It’s good that they’ve figured it out at last, but they do make me laugh while they’re doing it, sometimes.
The government must rely less on Muslim leadership organisations, Ruth Kelly said yesterday…The communities secretary said: “There are many people in Muslim communities who are already taking a brave stand…this new, more local approach will help reach directly into communities…”
In other words, the communities secretary used the word ‘communities’ several hundred times in the course of a short announcement. Oh well – I suppose it’s only to be expected.
“In the past, government has relied too much on engagement with traditional leadership organisations.” But there is concern in the Muslim community that the government is marginalising groups which represent large parts of the community, such as the Muslim Council of Britain.
The Guardian has the tic as badly as Kelly does, and the Guardian is not even the communities secretary. There is concern in the community that groups that represent large parts of the community are being – wait, where am I, I’m getting all tangled up here; community, groups, parts, community – oh never mind, let’s go be concerned about something else for a change.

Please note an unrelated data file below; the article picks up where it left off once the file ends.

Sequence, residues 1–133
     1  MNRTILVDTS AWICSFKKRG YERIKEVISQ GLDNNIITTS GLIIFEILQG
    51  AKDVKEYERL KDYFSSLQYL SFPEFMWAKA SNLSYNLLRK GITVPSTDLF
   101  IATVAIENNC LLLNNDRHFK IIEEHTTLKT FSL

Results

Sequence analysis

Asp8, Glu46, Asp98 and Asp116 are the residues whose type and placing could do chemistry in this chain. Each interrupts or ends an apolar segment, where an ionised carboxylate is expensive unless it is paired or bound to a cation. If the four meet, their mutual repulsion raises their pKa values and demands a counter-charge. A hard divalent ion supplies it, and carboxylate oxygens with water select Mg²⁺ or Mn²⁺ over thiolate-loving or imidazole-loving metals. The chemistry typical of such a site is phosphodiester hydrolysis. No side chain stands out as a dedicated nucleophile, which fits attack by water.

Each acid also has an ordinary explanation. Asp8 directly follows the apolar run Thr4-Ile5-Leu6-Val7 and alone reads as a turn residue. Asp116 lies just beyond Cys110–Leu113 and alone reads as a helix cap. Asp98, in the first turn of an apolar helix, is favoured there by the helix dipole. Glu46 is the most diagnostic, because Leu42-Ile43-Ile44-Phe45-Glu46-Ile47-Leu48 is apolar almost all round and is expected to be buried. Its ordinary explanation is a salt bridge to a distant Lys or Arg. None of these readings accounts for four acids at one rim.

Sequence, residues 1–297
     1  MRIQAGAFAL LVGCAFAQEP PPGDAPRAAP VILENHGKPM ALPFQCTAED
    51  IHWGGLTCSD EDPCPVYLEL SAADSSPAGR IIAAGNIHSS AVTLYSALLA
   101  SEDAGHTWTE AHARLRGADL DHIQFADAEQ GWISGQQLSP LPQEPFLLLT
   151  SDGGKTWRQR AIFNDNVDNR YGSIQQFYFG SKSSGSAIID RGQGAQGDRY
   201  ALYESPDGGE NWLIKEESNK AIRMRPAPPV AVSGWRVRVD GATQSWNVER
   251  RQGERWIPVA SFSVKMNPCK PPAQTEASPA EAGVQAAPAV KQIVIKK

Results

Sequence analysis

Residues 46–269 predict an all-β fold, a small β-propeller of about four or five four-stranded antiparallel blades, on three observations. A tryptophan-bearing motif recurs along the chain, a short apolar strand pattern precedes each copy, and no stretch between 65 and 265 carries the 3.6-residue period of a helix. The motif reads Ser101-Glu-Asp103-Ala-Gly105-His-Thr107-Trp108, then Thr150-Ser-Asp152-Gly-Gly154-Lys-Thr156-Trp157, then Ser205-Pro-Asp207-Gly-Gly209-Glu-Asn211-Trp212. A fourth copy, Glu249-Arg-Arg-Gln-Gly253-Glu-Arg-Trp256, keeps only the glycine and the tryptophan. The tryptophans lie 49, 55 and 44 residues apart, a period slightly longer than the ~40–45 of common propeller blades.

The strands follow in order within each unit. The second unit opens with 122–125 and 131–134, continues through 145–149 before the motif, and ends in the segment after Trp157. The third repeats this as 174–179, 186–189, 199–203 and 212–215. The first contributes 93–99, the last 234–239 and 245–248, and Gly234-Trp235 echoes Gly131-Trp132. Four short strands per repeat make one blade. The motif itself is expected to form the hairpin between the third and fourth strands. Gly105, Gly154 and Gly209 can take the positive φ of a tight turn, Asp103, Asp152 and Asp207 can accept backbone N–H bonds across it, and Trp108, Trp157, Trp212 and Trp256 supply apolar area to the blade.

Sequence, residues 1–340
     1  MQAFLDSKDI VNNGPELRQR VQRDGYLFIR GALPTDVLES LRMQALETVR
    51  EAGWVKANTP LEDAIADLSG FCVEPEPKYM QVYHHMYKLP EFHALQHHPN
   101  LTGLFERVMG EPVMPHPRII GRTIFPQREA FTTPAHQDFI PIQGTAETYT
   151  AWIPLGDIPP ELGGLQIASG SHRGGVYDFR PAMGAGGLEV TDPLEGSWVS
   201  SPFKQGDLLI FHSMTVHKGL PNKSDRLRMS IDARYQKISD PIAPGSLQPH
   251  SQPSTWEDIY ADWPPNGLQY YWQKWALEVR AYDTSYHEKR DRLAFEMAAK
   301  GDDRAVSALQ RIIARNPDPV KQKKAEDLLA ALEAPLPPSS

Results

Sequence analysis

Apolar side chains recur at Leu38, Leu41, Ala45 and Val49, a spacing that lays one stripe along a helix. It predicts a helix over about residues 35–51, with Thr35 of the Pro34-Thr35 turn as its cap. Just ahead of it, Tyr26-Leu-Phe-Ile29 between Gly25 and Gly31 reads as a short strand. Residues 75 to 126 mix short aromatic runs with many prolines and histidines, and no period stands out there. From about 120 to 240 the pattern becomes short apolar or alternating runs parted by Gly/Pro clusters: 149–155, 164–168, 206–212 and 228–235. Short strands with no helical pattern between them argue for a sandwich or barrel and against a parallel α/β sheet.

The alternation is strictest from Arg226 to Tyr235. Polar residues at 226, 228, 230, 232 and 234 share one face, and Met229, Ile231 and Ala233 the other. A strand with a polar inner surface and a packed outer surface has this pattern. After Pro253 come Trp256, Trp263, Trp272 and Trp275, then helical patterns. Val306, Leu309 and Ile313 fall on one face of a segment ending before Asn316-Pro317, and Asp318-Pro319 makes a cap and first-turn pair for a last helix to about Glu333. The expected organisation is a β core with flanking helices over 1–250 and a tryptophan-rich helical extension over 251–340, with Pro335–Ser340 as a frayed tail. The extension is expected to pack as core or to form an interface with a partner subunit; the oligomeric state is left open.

Hazel Harding, chairman of the Local Government Association’s Safer Communities Board, said the funding would help, but warned that community cohesion involved effort from all groups.
Also parts of groups. And factions of parts of groups. And sects of factions of parts of groups. But once we get all that straightened out and lined up in rows – what about the cohesion thing? Isn’t community cohesion in some instances the problem as opposed to the solution? It depends on which group (or faction or community) is doing the cohering and to what end, doesn’t it. I can think of some cohering I wish had never taken place. There was that festive little outing to King’s Cross for instance.